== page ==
The Bethlehem Chapel is a medieval religious building in the Old Town of Prague, notable for its connection with the origins of the Bohemian Reformation, especially with the Czech reformer Jan Hus.
It was founded in 1391 by Wenceslas Kriz and John of Milheim, and taught solely in the Czech vernacular, thus breaking with German domination of the Medieval Bohemian church. The building was never officially called a church, only a chapel, though it could contain 3,000 people; indeed, the chapel encroached upon the parish of Sts. Philip and James, and John of Milheim paid the pastor of that church 90 grossi as compensation. Hus became a rector and a preacher in March 1402. After Hus's excommunication in 1412, the Pope ordered the Bethlehem chapel to be pulled down, although this action was rejected by the Czech majority on the Old Town council. After Hus's death, he was succeeded by Jacob of Mies.
In the 17th century, the building was acquired by the Jesuits. It fell into disrepair and in 1786 it was demolished; in 1836–1837 an apartment building was built in its place. Under the Czechoslovakian communist regime the building was restored by the government to its state at the time of Hus. Most of the chapel's exterior walls and a small portion of the pulpit date back to the medieval chapel. The wall paintings are largely from Hus's time there, and the text below is taken from his work De sex erroribus, and contrast the poverty of Christ with the riches of the Catholic Church of Hus's time.References:
Château de Falaise is best known as a castle, where William the Conqueror, the son of Duke Robert of Normandy, was born in about 1028. William went on to conquer England and become king and possession of the castle descended through his heirs until the 13th century when it was captured by King Philip II of France. Possession of the castle changed hands several times during the Hundred Years' War. The castle was deserted during the 17th century. Since 1840 it has been protected as a monument historique.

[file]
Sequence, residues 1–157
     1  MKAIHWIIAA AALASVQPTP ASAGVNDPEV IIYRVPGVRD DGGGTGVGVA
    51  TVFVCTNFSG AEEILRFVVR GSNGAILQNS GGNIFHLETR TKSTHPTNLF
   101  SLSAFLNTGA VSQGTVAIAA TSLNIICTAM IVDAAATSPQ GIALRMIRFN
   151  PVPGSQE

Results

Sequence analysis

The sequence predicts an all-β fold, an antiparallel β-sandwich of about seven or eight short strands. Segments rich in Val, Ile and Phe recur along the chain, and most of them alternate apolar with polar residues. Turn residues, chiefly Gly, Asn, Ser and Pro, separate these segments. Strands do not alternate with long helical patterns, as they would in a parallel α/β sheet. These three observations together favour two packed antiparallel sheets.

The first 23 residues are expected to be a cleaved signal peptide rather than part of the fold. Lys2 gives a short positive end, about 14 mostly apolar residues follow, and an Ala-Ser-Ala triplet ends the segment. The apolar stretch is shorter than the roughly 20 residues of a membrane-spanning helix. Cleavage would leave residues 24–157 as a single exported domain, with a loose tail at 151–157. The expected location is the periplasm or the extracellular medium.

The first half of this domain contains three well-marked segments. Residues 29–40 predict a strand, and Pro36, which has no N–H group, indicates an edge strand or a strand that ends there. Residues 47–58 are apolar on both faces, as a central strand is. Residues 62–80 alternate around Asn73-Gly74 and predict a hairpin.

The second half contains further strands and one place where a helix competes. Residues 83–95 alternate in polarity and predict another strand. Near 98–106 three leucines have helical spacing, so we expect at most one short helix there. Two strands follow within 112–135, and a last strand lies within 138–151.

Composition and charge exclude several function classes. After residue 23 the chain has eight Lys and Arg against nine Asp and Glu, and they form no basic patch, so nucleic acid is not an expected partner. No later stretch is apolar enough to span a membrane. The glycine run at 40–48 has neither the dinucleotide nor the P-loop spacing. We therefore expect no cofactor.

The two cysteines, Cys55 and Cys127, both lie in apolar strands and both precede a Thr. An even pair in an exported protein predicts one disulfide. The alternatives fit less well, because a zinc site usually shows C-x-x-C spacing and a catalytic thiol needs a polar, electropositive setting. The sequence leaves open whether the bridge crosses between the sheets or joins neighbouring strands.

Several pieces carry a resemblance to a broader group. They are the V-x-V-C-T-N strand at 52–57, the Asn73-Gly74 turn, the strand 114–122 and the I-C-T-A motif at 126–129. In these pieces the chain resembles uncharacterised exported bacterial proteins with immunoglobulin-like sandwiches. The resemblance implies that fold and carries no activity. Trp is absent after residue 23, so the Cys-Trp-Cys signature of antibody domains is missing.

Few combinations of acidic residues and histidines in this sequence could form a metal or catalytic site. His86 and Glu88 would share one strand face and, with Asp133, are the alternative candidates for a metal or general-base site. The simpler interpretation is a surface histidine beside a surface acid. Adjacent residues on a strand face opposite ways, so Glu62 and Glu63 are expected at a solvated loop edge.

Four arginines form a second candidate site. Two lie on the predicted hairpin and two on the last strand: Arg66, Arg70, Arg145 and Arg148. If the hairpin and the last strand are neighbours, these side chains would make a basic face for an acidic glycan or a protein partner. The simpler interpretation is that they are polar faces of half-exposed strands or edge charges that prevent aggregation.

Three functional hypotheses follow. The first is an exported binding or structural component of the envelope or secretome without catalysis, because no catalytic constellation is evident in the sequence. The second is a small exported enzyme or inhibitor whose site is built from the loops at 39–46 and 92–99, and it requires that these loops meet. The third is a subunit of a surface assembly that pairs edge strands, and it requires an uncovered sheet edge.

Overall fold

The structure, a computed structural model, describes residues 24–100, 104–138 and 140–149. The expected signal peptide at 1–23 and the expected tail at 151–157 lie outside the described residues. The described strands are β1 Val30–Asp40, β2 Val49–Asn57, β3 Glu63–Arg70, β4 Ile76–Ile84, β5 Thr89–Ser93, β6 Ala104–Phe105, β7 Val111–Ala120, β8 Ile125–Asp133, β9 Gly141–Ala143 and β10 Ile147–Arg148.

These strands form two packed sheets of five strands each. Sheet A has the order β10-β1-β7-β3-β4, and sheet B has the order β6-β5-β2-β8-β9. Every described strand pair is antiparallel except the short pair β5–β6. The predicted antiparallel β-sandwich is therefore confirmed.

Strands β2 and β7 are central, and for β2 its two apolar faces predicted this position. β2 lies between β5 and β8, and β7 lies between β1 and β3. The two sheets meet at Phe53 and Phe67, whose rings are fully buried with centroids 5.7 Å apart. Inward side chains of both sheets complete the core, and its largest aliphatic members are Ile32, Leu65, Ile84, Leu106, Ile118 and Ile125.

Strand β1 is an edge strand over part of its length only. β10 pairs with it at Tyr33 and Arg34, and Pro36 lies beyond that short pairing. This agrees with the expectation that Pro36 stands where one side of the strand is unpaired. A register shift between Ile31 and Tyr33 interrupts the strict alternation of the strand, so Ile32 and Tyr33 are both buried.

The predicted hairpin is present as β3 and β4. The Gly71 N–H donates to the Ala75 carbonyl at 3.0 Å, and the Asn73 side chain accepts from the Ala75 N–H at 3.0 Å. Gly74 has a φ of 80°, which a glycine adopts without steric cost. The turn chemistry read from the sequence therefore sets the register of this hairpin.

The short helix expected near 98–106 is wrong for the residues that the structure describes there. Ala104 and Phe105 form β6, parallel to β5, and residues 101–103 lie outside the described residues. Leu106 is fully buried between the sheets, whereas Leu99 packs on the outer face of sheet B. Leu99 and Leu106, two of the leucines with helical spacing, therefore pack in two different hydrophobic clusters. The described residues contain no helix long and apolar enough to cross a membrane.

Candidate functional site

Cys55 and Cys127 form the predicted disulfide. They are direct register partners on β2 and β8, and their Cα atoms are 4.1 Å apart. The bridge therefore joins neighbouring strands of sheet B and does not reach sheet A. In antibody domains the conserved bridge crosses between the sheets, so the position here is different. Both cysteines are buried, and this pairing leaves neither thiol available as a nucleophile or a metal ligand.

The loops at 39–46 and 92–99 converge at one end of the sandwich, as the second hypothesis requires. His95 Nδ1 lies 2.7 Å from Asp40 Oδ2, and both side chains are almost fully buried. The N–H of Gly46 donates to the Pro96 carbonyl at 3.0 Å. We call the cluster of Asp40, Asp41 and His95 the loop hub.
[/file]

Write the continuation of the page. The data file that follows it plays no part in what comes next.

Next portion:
The castle (12th–13th century), which overlooks the town from a high crag, was formerly the seat of the Dukes of Normandy. The construction was started on the site of an earlier castle in 1123 by Henry I of England, with the 'large keep' (grand donjon). Later was added the 'small keep' (petit donjon). The tower built in the first quarter of the 12th century contained a hall, chapel, and a room for the lord, but no small rooms for a complicated household arrangement; in this way, it was similar to towers at Corfe, Norwich, and Portchester, all in England. In 1202 Arthur I, Duke of Brittany was King John of England's nephew, was imprisoned in Falaise castle's keep. According to contemporaneous chronicler Ralph of Coggeshall, John ordered two of his servants to mutilate the duke. Hugh de Burgh was in charge of guarding Arthur and refused to let him be mutilated, but to demoralise Arthur's supporters was to announce his death. The circumstances of Arthur's death are unclear, though he probably died in 1203.
In about 1207, after having conquered Normandy, Philip II Augustus ordered the building of a new cylindrical keep. It was later named the Talbot Tower (Tour Talbot) after the English commander responsible for its repair during the Hundred Years' War. It is a tall round tower, similar design to the towers built at Gisors and the medieval Louvre.Possession of the castle changed hands several times during the Hundred Years' War. The castle was deserted during the 17th century. Since 1840, Château de Falaise has been recognised as a monument historique by the French Ministry of Culture.
A programme of restoration was carried out between 1870 and 1874. The castle suffered due to bombardment during the Second World War in the battle for the Falaise pocket in 1944, but the three keeps were unscathed.